The number along the left-hand-side of the figure is the total of the very poor and poor categories while the number along the right-hand-side is the total of the good and excellent categories. As can be seen, from a U.S. perspective, the state differences tend to balance themselves out which results in many years looking similar.
2012 is the obvious outlier in the group with 45% of the corn in the poor and very poor categories. The current 14% of this year’s corn in the poor and very poor categories appears to be about average.
Table 1 shows the estimated yield per harvested acre prediction along with the confidence intervals for each state as of 7/24/22 (week 29). Because this estimate is based on 30 years of observations from week 29, the R-squared values are lower than they will be later on in the year. A lot can happen to either increase or decrease corn yields at this point and the model reflects that variability of final yield.
Table 2 shows the estimated harvested acres for each state using the percent of corn in the very poor category as of week 29. Like the yield prediction, the harvested acre prediction is based on the last 30 years of data using June reported acres to predict harvested acres.
This part of the model doesn’t fit as well as most corn acres will be harvest in the main corn belt. It is the less productive corn states and states with beef production where harvested acres can vary. In Kansas for example, more corn may end up as silage in lower yielding years.
The current harvested acre estimate is for 75.658 million acres from the 18 biggest corn states with a range from 74.158 to 77.158 million acres. A harvest of 75.658 million acres would represent a 4.92% decline from last year.
Table 3 shows the estimated corn production by state and is produced by multiplying Table 1 and Table 2 together. The current estimate is for 13.310 billion corn bushels from the 18 biggest corn states with a range of 12.751 billion to 13.883 billion corn bushels. Corn production of 13.310 billion bushels from these 18 states would represent a 5.65% decline in corn production from last year.
Table 4 projects the 18 leading corn states acres and production into a national total for acres and production. To get the national totals, the acres and corn production from the 18 major corn states are compared to the harvested acres and production from those same 18 states last year.
These percentage changes are then used to adjust the national harvested acres and production from last year. These national projections thus assume that the same changes in the 18 major corn states apply to the other corn states.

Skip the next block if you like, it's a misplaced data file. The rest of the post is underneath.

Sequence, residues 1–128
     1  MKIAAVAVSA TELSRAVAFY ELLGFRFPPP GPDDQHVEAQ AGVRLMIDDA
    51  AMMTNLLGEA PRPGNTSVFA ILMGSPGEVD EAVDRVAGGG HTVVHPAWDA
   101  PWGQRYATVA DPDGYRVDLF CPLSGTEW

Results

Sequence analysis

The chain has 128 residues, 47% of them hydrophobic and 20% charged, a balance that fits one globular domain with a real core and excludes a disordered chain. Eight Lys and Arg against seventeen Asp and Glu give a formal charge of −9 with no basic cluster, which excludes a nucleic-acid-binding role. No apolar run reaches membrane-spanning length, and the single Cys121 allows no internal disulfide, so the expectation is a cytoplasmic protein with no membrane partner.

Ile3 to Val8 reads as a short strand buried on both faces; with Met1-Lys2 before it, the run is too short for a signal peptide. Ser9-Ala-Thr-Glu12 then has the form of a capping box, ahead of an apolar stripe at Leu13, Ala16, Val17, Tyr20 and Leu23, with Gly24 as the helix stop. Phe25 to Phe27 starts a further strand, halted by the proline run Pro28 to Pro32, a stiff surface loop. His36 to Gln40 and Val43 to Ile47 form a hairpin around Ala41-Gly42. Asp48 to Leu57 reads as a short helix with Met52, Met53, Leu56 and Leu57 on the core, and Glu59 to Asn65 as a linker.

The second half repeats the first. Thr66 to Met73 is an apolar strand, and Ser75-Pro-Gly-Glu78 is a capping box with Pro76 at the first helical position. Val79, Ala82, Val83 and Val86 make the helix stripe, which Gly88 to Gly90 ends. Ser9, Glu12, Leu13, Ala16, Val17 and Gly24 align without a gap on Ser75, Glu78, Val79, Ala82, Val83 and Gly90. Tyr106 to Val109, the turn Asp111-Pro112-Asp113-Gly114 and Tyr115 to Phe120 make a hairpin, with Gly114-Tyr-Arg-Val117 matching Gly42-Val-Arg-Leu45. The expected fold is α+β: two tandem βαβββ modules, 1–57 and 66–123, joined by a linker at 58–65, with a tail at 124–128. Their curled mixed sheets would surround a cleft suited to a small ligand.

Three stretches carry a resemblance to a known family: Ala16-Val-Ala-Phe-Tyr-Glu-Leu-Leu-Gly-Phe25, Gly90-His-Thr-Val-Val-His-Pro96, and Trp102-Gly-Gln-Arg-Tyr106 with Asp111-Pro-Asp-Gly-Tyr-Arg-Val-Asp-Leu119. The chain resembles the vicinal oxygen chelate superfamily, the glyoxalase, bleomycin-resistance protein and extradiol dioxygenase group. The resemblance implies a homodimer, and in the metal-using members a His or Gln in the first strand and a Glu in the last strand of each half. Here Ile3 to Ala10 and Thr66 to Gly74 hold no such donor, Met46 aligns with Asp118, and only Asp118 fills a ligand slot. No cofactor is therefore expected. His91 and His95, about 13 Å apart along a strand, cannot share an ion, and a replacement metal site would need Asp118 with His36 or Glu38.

Because the yield per acre from the individual states can’t be summed together, the shown yield per acre is calculated from the total production divided by the total harvested acres. As the table indicates, total production is expected to be 14.261 billion bushels with a range from 13.662 to 14.875 billion bushels.
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Harvest acres are expected to be 81.185 million acres with a range from 79.575 to 82.794 million acres. These numbers are all calculated using estimated harvested acres as a function of the June acres.
The last column in Table 4 has the actual June acre numbers from the USDA. This number (81.940 million acres) assumes harvested acres equal the June estimated acres.
If the USDA June acreage numbers from the 18 corn states were adjusted to a national June number using the procedure described above, the national June corn estimated acres would be 82.287 million acres. Thus, the USDA is projecting the 10% of corn acres not in the 18 major corn states to decline more than the major corn states.
Figure 2 shows how the model prediction has changed during the growing season. As noted by Irwin and Good, the earliest estimates probably tend to overestimate yields. The current year estimates would reflect that tendency.
Also, the earliest estimates tend to have lower R-squared values which results in larger confidence intervals. This again can be seen in the figure as the two dotted lines (upper and lower confidence limits) become closer together. The estimates shown switch from using planted acres to model production to using the June crop report once that became available.
The model based on the last 30 years doesn’t have too many bad years that become part of the estimation (2012 being the exception). As a result, the model is likely to overestimate the predicted production in a really bad year.
Ibendahl tested this idea and estimated 2012 production based on the 30 years previous to 2012. The model for mid-July gave an estimate that was above the final production for 2012 but the final yield was just slightly below the lower confidence interval.